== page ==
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Active Aging for Life

Physical Activity | May, 28 2014

By: Billie Jean King, PCFSN Council Member

May is Older Americans Month and, as a champion for active aging, I want to challenge all Americans to commit to a lifestyle that includes regular physical activity and good nutrition. At 70, I understand the importance of maintaining an active lifestyle and I know that exercise truly does matter! What better time than on National Senior Health and Fitness Day (May 28) to promote the idea of active aging?

As I have aged, I have struggled with illnesses common to older adulthood such as arthritis and type 2 diabetes. Staying active has been a key in managing the symptoms and I think all adults need to be aware of the importance of a healthy, active lifestyle. Aging is not something we can change.  What we can control is what we do along the way. Remaining physically active throughout life can help aging Americans feel better on that journey. I enjoy going to the gym and when I work out, I feel better. I may not lift as much weight as I did when I was in my 40s, but I can still get to the gym and work hard. Right now I am working hard on balance exercises and I am a big believer in weight resistance training, but you can do whatever activity you enjoy—walking, bike riding, swimming—whatever works for you.  The point is that you exercise and you do it as frequently as you can.

Tennis is a sport I love and not only has tennis helped me physically, but it has taught me many life lessons. I use the lessons that I learned as a young athlete every day. How to adapt to things, how to handle pressure, and how persevere and keep bouncing back are important messages that I have discovered through sports. I still think about the mixed doubles match point when I was playing with Ray Ruffles in a World TeamTennis match at the Forum at Madison Square Garden, which had a very low ceiling. Our opponents were hugging the net, and we needed to adjust and problem solve. I hit a lob and it went in! Now one saying I use all the time is “champions adjust or adapt.” In that match we were able to adapt and handle the pressure… we made a great decision and won. When you learn to adapt to things you can make better decisions in sports, business, and life.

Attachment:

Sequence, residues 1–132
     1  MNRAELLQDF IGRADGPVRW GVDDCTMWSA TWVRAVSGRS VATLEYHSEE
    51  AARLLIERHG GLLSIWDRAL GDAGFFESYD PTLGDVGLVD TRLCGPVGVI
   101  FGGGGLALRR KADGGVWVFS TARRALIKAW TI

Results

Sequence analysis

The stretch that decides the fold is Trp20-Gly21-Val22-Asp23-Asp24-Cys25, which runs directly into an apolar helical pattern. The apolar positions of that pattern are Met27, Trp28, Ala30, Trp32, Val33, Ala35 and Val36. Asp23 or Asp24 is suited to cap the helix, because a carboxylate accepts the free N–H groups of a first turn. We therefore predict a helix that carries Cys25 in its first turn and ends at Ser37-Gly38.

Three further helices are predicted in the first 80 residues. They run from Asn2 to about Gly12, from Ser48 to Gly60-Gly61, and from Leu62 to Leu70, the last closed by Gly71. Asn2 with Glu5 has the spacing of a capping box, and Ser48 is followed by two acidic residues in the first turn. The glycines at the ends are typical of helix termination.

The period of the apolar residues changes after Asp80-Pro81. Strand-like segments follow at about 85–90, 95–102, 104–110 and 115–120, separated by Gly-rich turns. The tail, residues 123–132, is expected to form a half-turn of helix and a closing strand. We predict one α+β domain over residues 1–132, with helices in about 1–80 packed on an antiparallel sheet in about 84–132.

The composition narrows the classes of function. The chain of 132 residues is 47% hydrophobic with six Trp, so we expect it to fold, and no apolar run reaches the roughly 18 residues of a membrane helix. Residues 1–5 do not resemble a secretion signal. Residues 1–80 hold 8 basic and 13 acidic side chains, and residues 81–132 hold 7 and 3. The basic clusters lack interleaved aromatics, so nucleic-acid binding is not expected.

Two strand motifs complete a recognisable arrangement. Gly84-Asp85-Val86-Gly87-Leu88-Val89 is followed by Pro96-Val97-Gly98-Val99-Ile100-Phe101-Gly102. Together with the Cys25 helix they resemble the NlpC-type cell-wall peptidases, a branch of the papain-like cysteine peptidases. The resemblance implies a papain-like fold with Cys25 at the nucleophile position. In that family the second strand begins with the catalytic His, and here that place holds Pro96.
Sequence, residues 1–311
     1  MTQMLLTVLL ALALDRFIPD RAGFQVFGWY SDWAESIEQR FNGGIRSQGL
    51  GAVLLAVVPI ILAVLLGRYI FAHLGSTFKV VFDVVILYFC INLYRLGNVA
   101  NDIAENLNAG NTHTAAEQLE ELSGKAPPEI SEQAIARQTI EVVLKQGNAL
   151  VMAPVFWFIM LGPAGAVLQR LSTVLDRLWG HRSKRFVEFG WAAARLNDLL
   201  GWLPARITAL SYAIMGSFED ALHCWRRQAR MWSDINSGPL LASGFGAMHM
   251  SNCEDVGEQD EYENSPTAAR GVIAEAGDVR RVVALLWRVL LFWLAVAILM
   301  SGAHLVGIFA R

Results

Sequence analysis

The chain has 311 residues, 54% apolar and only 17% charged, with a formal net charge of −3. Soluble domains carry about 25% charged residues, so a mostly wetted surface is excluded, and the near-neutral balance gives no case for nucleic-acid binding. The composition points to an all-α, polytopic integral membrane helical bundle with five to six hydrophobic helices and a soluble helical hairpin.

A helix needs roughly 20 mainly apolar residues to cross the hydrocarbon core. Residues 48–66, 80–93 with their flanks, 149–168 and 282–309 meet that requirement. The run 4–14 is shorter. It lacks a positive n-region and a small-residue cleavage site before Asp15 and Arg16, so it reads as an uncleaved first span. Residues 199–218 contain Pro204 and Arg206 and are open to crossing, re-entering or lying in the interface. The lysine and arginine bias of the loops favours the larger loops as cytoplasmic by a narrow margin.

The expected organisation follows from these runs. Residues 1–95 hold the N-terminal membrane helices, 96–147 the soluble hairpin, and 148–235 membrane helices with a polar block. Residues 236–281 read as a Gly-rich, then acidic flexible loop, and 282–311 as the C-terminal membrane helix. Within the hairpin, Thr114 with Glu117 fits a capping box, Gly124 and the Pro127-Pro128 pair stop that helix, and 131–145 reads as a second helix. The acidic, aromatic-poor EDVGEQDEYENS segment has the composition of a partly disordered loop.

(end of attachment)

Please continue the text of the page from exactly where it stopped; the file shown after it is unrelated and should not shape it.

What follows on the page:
Sports have taught me so much and I want to take what I have learned and help others. Those who came before us are full of history and wisdom. We need to stay active to help inspire the younger generations to do the same. I want to help inspire aging Americans to exercise—and to have fun. Even if you fell off the fitness wagon years ago, it is never too late to get back on; it is never too late to reinvent yourself. Being in the now, being present, is the most important thing—Everyday is a new start. We can all help each other be the best we can be. As my mother has always said, “Keep moving or it's over!”

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